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Customer Review

This book is in very much a similar vein to Adrienne Mayor's earlier book, The First Fossil Hunters: Dinosaurs, Mammoths, and Myth in Greek and Roman Times, tracing evidence, via literature, folklore and myth, of the awareness of ancient cultures of prehistoric fossils. She set herself a much harder task in this book, in tracing Native American awareness and understanding of fossil remains via stories and myth-making, since most Native cultures are oral and therefore prior to the relatively modern era left little in the way of written evidence of myths and beliefs.

It's a fascinating read, although it didn't enthral me in quite the same way as her other book. Part of my issue was the approach, I have to confess. For a start, it would be impossible to replicate the thoughts and beliefs of earlier generations of Native Americans; for all that their culture is predominately oral, it is virtually impossible to believe that modern stories and myths can have been handed down over decades and centuries within any change, modification or influence from current knowledge. Unlike a Greek vase or a Roman tablet, there is no way of ascertaining just how old a story may be. A storyteller saying it has been passed from his grandfather's grandfather's grandfather is not evidence.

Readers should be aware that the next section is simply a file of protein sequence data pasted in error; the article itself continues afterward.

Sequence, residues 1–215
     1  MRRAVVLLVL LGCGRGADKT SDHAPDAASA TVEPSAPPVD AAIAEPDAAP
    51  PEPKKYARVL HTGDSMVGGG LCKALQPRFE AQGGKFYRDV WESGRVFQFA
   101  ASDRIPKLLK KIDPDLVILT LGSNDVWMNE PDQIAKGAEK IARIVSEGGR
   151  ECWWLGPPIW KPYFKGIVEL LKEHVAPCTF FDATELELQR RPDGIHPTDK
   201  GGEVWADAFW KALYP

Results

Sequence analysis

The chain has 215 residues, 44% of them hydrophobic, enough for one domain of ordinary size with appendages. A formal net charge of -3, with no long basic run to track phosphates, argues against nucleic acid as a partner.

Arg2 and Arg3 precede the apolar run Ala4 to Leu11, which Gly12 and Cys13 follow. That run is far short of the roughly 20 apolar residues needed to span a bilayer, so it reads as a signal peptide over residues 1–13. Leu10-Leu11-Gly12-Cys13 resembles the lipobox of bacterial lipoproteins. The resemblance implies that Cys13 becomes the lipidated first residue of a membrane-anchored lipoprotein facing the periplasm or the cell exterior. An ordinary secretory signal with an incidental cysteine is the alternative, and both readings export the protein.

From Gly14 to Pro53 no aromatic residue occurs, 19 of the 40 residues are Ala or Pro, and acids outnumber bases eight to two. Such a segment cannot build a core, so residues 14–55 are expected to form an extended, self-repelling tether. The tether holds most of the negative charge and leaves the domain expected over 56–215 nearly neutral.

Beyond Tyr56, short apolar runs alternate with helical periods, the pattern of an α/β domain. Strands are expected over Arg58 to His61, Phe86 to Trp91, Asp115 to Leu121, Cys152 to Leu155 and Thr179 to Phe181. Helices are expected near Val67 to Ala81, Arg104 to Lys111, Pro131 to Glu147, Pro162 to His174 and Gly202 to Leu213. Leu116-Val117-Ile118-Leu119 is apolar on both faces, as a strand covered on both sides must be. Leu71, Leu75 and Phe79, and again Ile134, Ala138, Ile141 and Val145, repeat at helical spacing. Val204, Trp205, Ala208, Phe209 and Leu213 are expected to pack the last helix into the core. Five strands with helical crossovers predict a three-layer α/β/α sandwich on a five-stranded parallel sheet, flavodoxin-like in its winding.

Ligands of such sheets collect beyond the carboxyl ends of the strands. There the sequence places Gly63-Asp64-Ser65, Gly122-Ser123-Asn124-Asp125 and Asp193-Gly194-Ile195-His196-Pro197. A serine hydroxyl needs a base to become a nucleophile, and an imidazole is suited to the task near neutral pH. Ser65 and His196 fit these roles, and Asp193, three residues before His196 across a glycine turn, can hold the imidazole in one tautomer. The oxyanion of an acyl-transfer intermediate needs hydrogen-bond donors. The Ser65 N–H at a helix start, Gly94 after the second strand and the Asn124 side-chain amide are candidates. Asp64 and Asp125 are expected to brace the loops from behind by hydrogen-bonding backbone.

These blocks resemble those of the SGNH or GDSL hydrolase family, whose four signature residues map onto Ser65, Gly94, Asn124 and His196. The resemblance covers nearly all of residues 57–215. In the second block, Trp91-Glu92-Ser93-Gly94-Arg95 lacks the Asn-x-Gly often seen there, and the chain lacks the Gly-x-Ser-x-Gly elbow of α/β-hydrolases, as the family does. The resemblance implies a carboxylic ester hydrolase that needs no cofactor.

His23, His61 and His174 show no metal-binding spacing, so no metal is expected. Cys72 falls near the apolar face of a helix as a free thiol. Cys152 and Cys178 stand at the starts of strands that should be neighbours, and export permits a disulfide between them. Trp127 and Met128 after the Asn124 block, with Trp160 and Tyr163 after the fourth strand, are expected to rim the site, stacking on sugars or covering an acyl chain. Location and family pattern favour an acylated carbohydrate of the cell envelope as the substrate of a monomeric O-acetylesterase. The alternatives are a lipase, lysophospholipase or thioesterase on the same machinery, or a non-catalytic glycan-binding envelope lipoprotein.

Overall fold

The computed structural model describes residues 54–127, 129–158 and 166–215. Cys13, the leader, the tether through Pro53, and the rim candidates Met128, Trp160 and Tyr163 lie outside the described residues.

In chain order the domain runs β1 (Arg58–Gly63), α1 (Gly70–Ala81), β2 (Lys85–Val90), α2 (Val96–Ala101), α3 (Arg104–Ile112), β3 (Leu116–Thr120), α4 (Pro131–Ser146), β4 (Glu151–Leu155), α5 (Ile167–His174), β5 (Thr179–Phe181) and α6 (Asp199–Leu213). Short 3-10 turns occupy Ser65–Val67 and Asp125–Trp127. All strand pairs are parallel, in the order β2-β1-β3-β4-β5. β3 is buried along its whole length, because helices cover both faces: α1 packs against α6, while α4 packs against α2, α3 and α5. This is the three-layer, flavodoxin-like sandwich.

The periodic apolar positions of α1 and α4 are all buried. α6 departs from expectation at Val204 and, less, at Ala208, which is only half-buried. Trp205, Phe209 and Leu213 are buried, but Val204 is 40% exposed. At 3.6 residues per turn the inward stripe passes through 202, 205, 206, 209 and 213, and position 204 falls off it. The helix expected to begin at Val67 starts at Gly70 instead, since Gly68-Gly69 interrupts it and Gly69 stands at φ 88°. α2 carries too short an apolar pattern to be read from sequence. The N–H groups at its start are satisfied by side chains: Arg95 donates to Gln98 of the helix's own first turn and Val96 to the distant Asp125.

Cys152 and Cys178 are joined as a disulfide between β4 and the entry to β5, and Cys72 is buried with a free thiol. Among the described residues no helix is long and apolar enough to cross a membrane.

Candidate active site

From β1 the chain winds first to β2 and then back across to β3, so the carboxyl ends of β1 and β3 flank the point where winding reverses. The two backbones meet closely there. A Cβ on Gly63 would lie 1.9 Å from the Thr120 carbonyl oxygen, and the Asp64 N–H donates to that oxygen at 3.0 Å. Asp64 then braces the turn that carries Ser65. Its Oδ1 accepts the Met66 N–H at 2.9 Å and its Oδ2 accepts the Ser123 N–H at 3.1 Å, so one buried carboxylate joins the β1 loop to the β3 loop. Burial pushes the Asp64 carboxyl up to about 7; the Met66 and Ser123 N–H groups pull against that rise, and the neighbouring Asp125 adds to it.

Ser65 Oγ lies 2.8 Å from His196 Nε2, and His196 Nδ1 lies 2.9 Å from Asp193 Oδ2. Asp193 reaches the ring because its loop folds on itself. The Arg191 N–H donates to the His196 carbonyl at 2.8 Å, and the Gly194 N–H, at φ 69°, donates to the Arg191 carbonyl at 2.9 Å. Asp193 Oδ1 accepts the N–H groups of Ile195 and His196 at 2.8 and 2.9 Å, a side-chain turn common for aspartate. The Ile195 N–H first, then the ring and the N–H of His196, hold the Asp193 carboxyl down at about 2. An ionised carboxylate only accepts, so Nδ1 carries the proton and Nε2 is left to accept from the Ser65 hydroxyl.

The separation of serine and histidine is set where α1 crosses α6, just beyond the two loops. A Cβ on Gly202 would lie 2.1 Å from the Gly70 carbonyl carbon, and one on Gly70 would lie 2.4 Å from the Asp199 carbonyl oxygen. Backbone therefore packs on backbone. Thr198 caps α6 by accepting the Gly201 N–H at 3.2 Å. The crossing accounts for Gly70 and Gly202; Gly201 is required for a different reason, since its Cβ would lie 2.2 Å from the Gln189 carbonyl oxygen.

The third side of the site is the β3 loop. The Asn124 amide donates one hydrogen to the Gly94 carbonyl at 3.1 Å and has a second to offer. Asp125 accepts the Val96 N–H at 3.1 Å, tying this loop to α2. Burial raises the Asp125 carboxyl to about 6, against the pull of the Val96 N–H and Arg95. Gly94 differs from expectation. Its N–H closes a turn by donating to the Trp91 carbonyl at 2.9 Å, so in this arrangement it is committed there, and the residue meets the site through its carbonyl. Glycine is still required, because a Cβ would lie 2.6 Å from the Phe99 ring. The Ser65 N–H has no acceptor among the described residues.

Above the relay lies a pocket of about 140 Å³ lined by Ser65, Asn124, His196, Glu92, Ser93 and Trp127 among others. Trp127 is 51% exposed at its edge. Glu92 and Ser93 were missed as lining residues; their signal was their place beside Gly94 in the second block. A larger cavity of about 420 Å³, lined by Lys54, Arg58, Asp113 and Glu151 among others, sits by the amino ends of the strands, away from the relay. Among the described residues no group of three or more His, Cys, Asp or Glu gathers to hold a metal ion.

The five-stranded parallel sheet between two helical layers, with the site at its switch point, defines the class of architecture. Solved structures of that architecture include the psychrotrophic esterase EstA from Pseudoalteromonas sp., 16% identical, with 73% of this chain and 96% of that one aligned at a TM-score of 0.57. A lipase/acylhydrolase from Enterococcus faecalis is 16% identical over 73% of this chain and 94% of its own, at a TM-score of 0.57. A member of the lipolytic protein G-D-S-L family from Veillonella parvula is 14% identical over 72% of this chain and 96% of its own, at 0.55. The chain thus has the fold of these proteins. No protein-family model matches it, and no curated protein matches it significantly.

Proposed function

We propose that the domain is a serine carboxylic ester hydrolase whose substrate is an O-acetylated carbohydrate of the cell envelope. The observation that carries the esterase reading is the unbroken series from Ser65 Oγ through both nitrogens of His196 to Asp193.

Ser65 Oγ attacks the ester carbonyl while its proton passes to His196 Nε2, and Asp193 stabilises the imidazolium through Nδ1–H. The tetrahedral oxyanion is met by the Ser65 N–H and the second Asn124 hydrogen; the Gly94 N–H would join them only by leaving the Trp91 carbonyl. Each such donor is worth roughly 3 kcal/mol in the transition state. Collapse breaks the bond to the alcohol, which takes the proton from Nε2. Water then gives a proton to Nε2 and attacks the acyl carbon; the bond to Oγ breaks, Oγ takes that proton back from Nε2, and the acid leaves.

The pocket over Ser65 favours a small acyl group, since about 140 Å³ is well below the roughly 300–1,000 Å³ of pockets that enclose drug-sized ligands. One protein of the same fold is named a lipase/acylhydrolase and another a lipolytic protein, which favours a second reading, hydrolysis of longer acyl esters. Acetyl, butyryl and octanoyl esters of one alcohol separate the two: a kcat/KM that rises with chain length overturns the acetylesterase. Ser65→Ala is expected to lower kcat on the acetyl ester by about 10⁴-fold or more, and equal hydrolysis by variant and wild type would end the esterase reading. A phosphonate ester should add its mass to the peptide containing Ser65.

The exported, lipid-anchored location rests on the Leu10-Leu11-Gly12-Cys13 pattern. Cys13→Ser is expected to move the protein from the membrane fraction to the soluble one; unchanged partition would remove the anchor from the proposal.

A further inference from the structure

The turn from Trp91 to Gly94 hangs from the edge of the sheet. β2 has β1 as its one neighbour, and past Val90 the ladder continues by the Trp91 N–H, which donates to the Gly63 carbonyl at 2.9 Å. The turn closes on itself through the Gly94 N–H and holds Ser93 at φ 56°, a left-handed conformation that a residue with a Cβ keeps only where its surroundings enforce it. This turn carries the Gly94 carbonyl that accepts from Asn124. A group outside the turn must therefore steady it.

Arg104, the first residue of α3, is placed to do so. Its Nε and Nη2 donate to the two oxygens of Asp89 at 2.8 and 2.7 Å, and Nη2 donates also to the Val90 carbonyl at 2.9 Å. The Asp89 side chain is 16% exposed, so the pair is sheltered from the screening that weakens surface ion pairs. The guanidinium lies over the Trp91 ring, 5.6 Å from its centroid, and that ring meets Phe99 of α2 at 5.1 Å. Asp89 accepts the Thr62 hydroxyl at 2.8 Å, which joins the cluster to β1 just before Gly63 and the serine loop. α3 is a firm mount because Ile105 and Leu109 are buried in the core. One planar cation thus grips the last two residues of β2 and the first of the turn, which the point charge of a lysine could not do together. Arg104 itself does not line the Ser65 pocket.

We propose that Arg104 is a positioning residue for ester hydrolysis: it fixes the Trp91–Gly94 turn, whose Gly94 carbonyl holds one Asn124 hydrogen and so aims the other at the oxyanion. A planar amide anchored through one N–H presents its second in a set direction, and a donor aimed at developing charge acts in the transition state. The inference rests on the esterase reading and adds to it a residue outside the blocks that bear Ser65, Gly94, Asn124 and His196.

I can well believe that earlier generations of Native Americans, both pre- and post-Columbian, will have incorporated the fossils and remains into their belief systems, that stories of Thunder Beings and Water Monsters may have been inspired by the scattered remains of gigantic creatures, that Native Americans may have shown much more awareness of 'deep time' and geological epochs, of extinction events, climate change and climatic disasters, than pre-Darwinian Europeans may have. But relying of stories told now as evidence of what people believed then, is just too much of a stretch for me. But it's an interesting theory, one I well believe, and given how well it ties into the arguments in her previous book about the Greeks and Romans, it's a theory that I think holds up, despite the lack of empirical evidence - and certainly I think more attention needs to be paid by the academic community to what Native American myths and legends may reveal about intellectual sophistication and ancestral knowledge.
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